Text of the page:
Dexter Lawrence is already looking like a future pro bowl caliber player. Julian Love, Darius Slayton, and Ryan Connelly all look like probable starters. One picked in the 4th round, two in the 5th round. That’s above the curve. For Giants recent history, that’s in the stratosphere above the curve. He likely picked the next franchise QB for the Giants. Just that alone affords him AT LEAST one more year. A GM usually has a 3-5 year plan. But at least three years. It’s only been a year and a half going on two years. It usually takes three good team drafts supplemented by free agents, to be where you want to be. He tore it down, and now he’s building it back up. It’s a process. I understand most fans don’t have that much patience.

Super Bowls are the standard, not 7-9 seasons. That’s what separates the Giants from the Dolphins. Building a Super Bowl culture and team doesn’t happen overnight; it needs to be done the right way. The Giants have won 4 Super Bowls out of the 53 played. That’s one every 13.25 years. Winning a Super Bowl is rare. But once a team is built, they can come in bunches: 1986 and 1990; 2007 and 2011. Understand that the Giants are completely starting from scratch.

Don’t Change Just to Change

Despite the issues with Shurmur, I don’t like the idea of changing just for the sake of change. There needs to be a thorough evaluation of who the candidates are and what they bring. There needs to be a strategy of precisely what kind of HC you’re looking for. There’s probably going to be at least six head coaches that are already fired or will be fired at the end of this season. The upper echelon HC candidates aren’t that deep. My standard is to win a Super Bowl. The Giants need an upper echelon HC that is Super Bowl-caliber to be that guy hoisting the Lombardi Trophy. If the Giants change just for the sake of change and don’t get that guy, then we’re doing it all over again in 2-3 years. The Giants then become the Browns, gutting and starting the process over and over, chasing their tail and spinning their wheels.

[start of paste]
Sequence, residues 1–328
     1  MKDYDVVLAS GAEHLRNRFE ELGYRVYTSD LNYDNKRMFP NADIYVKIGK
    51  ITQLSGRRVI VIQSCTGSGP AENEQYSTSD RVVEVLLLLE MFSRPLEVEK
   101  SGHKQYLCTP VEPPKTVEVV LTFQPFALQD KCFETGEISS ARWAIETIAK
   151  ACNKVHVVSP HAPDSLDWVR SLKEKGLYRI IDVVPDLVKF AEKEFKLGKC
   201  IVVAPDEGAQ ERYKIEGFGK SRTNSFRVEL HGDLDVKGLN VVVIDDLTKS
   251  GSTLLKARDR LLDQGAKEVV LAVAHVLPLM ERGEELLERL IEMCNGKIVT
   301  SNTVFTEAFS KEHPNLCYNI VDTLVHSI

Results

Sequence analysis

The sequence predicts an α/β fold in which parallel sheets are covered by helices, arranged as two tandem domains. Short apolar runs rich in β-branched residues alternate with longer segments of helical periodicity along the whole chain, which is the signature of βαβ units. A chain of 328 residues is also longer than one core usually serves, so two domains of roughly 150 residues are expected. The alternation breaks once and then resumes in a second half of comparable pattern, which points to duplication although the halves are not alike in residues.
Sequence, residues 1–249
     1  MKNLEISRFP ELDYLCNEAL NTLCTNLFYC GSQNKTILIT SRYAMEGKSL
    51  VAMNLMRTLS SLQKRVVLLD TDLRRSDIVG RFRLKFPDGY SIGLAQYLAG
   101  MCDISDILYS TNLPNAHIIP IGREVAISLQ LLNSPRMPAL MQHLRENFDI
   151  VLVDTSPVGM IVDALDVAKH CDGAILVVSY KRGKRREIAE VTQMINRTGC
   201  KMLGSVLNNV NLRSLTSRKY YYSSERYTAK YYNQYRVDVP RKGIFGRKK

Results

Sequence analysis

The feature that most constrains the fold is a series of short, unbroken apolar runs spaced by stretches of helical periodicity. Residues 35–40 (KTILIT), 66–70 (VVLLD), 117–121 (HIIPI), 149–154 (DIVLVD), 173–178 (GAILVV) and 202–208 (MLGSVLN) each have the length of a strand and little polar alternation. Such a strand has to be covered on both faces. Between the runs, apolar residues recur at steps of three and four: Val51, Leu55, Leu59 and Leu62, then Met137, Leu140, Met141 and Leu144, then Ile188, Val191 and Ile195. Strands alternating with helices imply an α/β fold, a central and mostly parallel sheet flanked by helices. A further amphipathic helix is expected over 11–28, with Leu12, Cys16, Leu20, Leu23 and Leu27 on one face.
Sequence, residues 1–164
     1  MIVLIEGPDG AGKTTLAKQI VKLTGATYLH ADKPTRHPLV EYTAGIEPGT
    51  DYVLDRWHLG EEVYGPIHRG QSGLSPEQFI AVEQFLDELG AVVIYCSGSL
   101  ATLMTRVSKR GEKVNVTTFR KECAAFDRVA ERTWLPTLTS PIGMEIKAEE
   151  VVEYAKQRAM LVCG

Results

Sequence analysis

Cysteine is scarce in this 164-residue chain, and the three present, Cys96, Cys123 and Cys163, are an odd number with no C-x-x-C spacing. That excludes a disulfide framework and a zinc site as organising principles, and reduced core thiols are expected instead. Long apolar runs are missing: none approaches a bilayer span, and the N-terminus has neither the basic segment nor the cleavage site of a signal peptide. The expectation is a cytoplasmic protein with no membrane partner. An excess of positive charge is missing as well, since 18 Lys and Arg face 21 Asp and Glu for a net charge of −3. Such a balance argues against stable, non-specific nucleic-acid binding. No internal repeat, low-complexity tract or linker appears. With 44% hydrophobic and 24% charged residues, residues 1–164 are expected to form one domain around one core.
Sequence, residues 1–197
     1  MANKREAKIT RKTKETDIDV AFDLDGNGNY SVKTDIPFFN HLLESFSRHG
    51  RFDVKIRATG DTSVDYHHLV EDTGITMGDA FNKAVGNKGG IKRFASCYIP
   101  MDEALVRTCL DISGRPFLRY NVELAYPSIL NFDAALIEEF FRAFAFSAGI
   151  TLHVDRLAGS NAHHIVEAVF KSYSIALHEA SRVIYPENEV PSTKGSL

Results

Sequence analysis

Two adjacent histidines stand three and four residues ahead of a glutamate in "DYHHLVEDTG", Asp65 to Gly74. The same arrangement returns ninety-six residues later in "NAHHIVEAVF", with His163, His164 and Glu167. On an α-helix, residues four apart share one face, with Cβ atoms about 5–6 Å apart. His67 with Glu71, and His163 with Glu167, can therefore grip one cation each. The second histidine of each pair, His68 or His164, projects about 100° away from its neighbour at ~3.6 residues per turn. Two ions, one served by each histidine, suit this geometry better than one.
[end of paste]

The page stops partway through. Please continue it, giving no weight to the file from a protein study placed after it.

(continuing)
A point that also needs to be looked at is the investment that the Giants have made in hopeful franchise quarterback Daniel Jones. His development is priority number one right now – even more than me worrying about maximizing Saquon’s potential. Shurmur may not be perfect, but from spring until now, he’s done a pretty good job with Daniel Jones. Uprooting that relationship and destabilizing that environment for Jones would not be ideal. This is a vital time for Jones’ development. Jones wouldn’t just need to get used to a new coach, but also a new offensive system. This forces him to focus on learning a “new language” rather than concentrate on personal improvements and skill development.

I’m not suggesting we keep Shurmur and Jones married indefinitely, but if there’s not an upper echelon HC available, it’s a good idea to keep making the development of Jones the priority and have the transition of year one to year two be a stable process.

It’s no secret the Giants had a great head coach in Tom Coughlin. He’s what an NFL head coach should be. He was a pillar of leadership, culture, management, experience, and respect. This is the skill set an NFL coach needs to maintain an NFL team, staff, and locker room. It’s not easy managing and leading grown men with different personalities and backgrounds. I don’t agree with the strategy of hiring an excellent offensive coordinator just so the team can have his offense. It’s a flawed strategy from the beginning.